future

The 2017 Arab Health Exhibition & Congress and MEDLAB 2017 in Dubai were a celebration of healthcare innovation, with 4,400 of the world's leading healthcare companies from 70 countries attending the events. We, at Siemens Healthineers , were excited to showcase our pioneering spirit and engineering expertise, as well as the many diagnostic solutions we deliver across the globe to help healthcare professionals adapt to the changing healthcare environment. The MEDLAB exhibition featured products from laboratory, point-of-care and molecular diagnostics portfolios. We were especially honored to have our new solutions on display in a private viewing area in the UAE Ministry of Health and Prevention’s exhibition space during the 2017 Arab Health Exhibition & Congress. We were pleased to present part of our new portfolio at these two major industry events. We were happy to see that in the context of growing importance of digitalization and automation across the healthcare industry, the high interest among UAE dignitaries and heads of state was not scarce. Photo Credits: Arab Health Facebook Page
The MedTech Europe Code of Ethical Business Practice entered into force on the 1 st January 2017, with the phase-out of direct sponsorship that needs to be implemented in less than a year from now. The Code has been the topic of many conversations . However, until recently, we did not have the opinion of individual Healthcare Professionals. Our conversations happened in particular with the organisations representing them. In January, we formally interviewed a sample of Healthcare Professionals coming from different countries. This blog is about sharing the key findings of these interviews. As a background note, most aspects regulated by the Code were already covered by these previous Codes, but there is one fundamental change brought by the new Code that affects Healthcare Professionals. We are of course talking about the change in the model of support to Healthcare Professionals attending Third Party Organised Educational Conferences. The new model requires that a company provides an Educational Grant to a Healthcare Organisation (e.g. medical society, hospital), the latter selecting the Healthcare Professional(s) attending the conference. The Grant covers the costs such as travel, accommodation, and conference registration. The direct selection and support by companies of Healthcare Professionals to attend a given Conference or Congress will not be allowed anymore at the end of this year. The focus of the interviews was about this change. During our discussions with Healthcare Professionals regarding this new model of Educational Grants, one thing became clear; the majority of interviewed Healthcare Professionals were not at all against the change. In fact, a majority welcomed the changes as, according to them, it would bring more legitimacy and transparency. Some Healthcare Professionals also advocated that an independent selection by hospitals was much better than industry selecting HCPs. In their view, hospitals know better who needs training and...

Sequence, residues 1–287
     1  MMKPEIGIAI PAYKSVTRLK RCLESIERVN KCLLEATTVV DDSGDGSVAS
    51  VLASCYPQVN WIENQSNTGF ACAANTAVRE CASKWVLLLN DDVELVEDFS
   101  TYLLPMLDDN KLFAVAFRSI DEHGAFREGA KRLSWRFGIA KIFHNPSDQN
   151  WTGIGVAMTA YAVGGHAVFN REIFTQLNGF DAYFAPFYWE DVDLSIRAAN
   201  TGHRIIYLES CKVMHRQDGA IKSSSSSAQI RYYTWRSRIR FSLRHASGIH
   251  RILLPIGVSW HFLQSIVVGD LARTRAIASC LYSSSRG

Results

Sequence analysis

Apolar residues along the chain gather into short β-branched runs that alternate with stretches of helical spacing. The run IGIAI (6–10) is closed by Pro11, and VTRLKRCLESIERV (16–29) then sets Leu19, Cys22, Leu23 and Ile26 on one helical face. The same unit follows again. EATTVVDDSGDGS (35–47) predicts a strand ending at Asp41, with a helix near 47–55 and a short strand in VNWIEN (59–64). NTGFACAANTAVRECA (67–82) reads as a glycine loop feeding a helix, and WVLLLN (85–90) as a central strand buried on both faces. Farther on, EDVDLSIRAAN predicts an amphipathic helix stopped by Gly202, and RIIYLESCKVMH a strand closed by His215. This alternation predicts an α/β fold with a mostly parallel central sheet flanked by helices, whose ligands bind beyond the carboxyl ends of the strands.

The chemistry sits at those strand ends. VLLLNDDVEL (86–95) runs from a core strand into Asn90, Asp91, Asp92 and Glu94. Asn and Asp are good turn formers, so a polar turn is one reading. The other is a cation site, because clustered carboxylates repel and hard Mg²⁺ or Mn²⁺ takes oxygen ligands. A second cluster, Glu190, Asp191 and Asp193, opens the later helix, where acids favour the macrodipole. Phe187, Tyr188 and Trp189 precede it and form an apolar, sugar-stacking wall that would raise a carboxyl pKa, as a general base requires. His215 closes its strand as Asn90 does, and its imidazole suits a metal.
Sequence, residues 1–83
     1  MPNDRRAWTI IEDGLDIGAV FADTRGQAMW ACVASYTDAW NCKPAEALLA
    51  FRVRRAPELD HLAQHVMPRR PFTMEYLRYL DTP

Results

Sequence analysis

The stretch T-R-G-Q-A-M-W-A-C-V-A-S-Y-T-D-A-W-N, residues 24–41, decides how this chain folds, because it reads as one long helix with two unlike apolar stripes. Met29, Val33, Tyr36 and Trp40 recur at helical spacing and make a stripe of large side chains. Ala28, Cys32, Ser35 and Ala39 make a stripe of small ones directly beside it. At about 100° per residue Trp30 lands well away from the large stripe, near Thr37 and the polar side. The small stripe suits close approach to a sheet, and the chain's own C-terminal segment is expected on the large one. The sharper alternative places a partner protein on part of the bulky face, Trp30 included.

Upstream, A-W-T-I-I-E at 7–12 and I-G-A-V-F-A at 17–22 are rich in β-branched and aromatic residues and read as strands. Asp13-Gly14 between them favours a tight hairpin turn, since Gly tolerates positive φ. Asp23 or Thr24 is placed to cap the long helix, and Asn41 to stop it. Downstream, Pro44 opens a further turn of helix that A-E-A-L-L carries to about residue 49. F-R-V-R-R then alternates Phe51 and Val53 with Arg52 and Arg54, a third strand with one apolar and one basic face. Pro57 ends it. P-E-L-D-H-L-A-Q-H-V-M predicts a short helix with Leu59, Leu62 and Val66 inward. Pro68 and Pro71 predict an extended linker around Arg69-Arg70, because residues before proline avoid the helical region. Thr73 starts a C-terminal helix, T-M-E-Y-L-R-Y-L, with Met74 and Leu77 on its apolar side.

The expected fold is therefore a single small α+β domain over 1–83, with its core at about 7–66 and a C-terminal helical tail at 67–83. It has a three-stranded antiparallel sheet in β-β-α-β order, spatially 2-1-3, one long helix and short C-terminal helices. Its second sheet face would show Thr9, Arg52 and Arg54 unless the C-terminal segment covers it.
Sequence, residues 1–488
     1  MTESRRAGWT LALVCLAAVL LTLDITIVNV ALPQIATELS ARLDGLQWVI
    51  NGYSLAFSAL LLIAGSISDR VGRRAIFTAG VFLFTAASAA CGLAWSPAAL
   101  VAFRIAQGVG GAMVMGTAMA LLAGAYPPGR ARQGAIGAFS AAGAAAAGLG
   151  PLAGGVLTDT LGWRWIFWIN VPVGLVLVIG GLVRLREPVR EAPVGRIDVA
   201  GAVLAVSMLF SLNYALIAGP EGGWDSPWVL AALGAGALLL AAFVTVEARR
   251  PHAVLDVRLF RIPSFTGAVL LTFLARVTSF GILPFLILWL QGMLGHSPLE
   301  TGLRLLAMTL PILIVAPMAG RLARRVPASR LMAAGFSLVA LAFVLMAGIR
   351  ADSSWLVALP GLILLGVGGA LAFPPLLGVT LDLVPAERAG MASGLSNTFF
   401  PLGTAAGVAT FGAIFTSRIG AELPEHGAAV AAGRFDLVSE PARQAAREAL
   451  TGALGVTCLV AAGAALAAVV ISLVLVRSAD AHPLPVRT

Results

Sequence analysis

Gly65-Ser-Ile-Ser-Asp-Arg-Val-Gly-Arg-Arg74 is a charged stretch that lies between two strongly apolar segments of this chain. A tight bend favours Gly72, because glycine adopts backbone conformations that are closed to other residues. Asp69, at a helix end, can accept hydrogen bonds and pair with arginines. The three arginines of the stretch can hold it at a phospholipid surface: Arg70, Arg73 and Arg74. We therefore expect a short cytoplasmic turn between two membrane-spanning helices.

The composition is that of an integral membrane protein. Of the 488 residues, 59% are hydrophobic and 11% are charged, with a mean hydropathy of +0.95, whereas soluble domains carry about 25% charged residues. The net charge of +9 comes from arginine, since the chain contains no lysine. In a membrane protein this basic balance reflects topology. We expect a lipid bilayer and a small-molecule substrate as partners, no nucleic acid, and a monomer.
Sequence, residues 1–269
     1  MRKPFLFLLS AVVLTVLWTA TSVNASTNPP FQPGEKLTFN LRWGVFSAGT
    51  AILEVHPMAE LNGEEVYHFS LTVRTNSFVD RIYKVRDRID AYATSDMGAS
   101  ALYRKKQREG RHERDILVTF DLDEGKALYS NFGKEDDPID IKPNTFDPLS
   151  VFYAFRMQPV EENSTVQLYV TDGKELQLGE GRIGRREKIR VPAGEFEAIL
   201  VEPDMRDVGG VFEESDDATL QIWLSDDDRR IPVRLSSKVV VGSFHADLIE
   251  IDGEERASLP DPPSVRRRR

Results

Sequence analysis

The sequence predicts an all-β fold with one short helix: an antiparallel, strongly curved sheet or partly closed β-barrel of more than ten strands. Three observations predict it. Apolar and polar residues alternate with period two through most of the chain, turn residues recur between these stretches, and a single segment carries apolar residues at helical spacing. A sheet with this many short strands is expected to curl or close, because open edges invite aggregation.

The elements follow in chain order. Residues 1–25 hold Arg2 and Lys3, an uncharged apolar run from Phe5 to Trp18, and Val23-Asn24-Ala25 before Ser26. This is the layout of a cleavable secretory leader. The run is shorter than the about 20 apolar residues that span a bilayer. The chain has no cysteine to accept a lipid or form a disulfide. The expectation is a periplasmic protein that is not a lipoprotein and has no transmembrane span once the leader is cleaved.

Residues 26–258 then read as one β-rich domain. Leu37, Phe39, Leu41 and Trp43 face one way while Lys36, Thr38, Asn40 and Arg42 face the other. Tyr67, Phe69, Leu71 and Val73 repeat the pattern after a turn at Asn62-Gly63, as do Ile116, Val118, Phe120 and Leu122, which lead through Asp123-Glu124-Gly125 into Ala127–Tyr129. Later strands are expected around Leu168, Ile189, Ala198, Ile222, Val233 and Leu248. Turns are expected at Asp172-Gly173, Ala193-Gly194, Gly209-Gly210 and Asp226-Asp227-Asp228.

I wonder, have you ever had a conversation with your doctor or nurse about barcodes? Not likely, I guess! Whilst the humble barcode is so ingrained in everyday life (after all, we all scan barcodes at the checkout), its potential in healthcare is both enormous, but unfortunately largely unknown. The reality is that for patients and caregivers, the beep of a scanned barcode has the possibility to help ensure that a patient receives the right medical product at the right time and that caregivers have the benefit of additional surety in their processes. Scanning barcodes can help to minimise errors due to incorrect identification of product or patient and ensure the correct product is in the hospital when the patient needs it. The global, voluntary user community, GS1 Healthcare - which brings together all healthcare supply chain stakeholders, including manufacturers, distributors, healthcare providers, solution providers, regulatory bodies and industry associations - recently produced a video to illustrate the value global standard barcodes add in hospital processes. For every one of us, this is a must-watch - after all, at one point in our lives, we will all be patients. For staff of healthcare product supplier organisations this is even more important. After all, suppliers are applying GS1 barcodes to meet a range of regulatory and trading partner requirements. In turn, these barcodes should be used by all healthcare stakeholders, most importantly, the healthcare provider organisations and staff that are issuing these suppliers’ products to patients. Please take two minutes of your time, open your minds and remember that the use of global standard barcodes in healthcare empowers all of us - patients, healthcare provider staff and healthcare provider organisations. A simple scan can contribute to doctors and nurses being able to focus even more on caring for every one of...